Why not ask the coach to let DS attend some more sessions to see if he settles in. He'll probably learn the different exercises and so the language processing problems might not be so much of a problem after the first week. You should be able to give it a fair chance.

cowgirlsareforever Sat 25-Feb-17 16:38:12

I could be wrong about the Paralympic football team. I think that the only team at the moment is for people with CP or an acquired brain injury. The rules may change in the future though. Athletics, swimming and table-tennis have a learning disability category though.

youcantgettome Sat 25-Feb-17 16:38:18

Cahoita that's what I thought. But I assumed the coach would of suggested that as it was DS first time ever playing football. But he didn't, he sad DS can join in one more final game, but that's it.

ZombieApocalips Sat 25-Feb-17 16:38:27

He is being excluded but I've heard that the competitive nature of the game ramps up in ks2.
I'd try and find out which local teams are strongest and weakest and try and find a team that has more gentle coaching.

youcantgettome Sat 25-Feb-17 16:39:27

Polly I thought the same thing too. But I hoped he would understand as it was DS first time. But I think they are playing to win ?? So don't really have the time for him ? Idk

ineedamoreadultieradult Sat 25-Feb-17 16:41:49

I wouldnt try getting this coach to change his mind as he obviously is a win at all costs type coach or as above simply doesn't have the time or inclination to take time out to help your DS. My DS has no disabilities but was turned away from a couple of clubs on the basis he 'wasn't up to speed' they wanted players who could play at a high standard already they didn't want to train anyone up (this was when he was 9!). We found a low division team who are focused on fun and learning and it's mean great for DS.

bigearsthethird Sat 25-Feb-17 16:42:56

It's really sad fir your ds but a lot of coaches are volunteers and so if he feels he can't give the right kind of training or attention to one child it might really just be that unfortunately. He does have the rest of the team to consider.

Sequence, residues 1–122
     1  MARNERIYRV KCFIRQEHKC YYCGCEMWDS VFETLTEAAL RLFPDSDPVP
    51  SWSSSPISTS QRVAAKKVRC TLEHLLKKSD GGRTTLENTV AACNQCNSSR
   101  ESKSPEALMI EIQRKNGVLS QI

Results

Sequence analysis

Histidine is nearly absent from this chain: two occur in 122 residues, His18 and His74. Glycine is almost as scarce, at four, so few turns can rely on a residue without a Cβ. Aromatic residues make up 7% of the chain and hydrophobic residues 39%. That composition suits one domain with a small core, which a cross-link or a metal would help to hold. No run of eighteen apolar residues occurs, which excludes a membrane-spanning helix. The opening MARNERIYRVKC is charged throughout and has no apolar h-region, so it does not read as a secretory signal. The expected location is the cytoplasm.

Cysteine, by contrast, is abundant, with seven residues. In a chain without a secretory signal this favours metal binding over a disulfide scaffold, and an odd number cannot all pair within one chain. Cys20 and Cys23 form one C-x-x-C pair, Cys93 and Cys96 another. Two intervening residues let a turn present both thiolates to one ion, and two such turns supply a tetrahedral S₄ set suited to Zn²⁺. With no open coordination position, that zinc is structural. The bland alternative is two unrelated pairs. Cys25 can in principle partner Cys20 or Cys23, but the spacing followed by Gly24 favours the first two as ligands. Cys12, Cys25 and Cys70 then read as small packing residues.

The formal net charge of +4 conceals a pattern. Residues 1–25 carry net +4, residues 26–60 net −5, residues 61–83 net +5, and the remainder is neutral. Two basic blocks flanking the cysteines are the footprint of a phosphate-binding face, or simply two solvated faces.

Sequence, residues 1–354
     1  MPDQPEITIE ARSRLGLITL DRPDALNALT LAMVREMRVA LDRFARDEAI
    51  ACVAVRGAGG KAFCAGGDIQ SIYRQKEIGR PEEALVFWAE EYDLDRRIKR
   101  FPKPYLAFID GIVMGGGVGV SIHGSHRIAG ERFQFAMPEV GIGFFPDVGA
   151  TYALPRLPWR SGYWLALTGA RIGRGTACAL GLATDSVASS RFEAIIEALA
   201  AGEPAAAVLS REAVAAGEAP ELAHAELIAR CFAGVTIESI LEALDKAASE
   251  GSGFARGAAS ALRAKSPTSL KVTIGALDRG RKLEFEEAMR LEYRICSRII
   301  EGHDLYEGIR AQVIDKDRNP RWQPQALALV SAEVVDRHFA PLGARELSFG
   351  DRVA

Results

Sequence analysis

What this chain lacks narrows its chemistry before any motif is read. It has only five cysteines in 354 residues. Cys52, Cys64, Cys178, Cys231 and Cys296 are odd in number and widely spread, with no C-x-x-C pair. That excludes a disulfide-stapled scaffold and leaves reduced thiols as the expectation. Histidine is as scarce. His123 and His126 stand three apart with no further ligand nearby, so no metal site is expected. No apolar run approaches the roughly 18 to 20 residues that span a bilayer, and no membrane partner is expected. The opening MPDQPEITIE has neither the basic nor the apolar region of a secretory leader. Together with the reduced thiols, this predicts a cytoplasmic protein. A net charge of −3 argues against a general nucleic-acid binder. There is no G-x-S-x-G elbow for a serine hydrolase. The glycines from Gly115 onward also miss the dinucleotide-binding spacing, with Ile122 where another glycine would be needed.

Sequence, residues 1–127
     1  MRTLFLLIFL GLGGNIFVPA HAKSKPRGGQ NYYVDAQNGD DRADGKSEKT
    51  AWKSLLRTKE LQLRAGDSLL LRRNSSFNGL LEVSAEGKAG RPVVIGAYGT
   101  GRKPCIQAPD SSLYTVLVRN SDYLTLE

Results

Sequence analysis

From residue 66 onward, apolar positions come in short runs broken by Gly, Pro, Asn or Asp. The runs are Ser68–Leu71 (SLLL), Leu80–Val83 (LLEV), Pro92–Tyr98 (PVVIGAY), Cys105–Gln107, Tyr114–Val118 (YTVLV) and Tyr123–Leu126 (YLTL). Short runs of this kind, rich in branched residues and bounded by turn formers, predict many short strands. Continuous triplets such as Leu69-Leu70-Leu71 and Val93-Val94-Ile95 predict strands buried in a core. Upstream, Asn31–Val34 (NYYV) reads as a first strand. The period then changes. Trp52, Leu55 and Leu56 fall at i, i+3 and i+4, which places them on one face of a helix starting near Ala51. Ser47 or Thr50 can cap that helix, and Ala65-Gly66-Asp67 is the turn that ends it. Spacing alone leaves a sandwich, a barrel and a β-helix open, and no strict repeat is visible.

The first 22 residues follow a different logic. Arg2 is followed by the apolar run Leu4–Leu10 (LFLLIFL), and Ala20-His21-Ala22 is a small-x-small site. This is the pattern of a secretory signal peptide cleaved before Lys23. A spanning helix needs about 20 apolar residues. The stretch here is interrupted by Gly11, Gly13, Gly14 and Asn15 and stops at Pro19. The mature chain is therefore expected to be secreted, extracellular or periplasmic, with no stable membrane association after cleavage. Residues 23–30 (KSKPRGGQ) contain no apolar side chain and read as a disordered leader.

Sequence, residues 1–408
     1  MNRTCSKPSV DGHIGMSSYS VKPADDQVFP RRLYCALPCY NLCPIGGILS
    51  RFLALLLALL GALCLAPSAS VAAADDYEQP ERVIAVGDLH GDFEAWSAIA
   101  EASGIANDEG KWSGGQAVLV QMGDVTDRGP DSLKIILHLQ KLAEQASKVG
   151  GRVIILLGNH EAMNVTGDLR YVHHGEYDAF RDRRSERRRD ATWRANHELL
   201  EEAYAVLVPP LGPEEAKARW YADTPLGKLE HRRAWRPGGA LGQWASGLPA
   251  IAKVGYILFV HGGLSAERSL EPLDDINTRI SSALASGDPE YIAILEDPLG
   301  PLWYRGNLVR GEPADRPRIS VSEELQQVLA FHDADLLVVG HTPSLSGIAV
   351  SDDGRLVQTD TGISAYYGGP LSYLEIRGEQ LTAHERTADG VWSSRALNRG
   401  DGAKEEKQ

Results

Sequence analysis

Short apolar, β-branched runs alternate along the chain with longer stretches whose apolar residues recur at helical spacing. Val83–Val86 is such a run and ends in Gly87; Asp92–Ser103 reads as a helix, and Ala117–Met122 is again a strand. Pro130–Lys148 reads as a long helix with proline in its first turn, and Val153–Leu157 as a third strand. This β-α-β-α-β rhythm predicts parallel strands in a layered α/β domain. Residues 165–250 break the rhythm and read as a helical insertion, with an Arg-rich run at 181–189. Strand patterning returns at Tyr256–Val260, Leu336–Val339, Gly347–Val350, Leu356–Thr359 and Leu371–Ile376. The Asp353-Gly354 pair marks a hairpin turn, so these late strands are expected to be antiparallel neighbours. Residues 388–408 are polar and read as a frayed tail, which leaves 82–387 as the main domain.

I really feel for you, you must be so deflated. Are you able to find out about clubs he can play in where the coach has experience of children with additional needs and would be able to engage with him better? Plus is this coach saying he can't play anymore or just suggesting this option in the best interest of your son?

UnbornMortificado Sat 25-Feb-17 16:45:20

youcan the mixed group DD is in is quite relaxed, the onus is on more the taking part.

The girls team she plays is a different story, she got appendicitis a few weeks back and when I told the coach I was worried she might actually cry or shout at me she's terrifying confused

Would a more laid back one suit him better?

lalalalyra Sat 25-Feb-17 16:46:24

Are there no other teams in your area? There are two very different types of kids football teams in my experience - the ones where the kids go, play games and have fun and the ones who think they are Manchester United or Chelsea and need to be of Champions League standard.

We have one of those locally and they basically only want kids who have a chance of playing professionally when they are older. The one DS goes too is a run by a Dad who loves football for kids who love football and is a much better experience imo.

youcantgettome Sat 25-Feb-17 16:47:07

ineed I would love to find a club like that ! I think the coach expects the players to be on mark (first time) and don't have time to train them up ? I don't really want to persuade the coach to give him a try as if he doesn't want him why force it ?

The coach did mention that the kids may be a bit..:aggressive with him as they are there to win it. But I didn't see that today. But maybe I would of done if DS attended there for a long period of time.

CurlyCallie Sat 25-Feb-17 16:48:51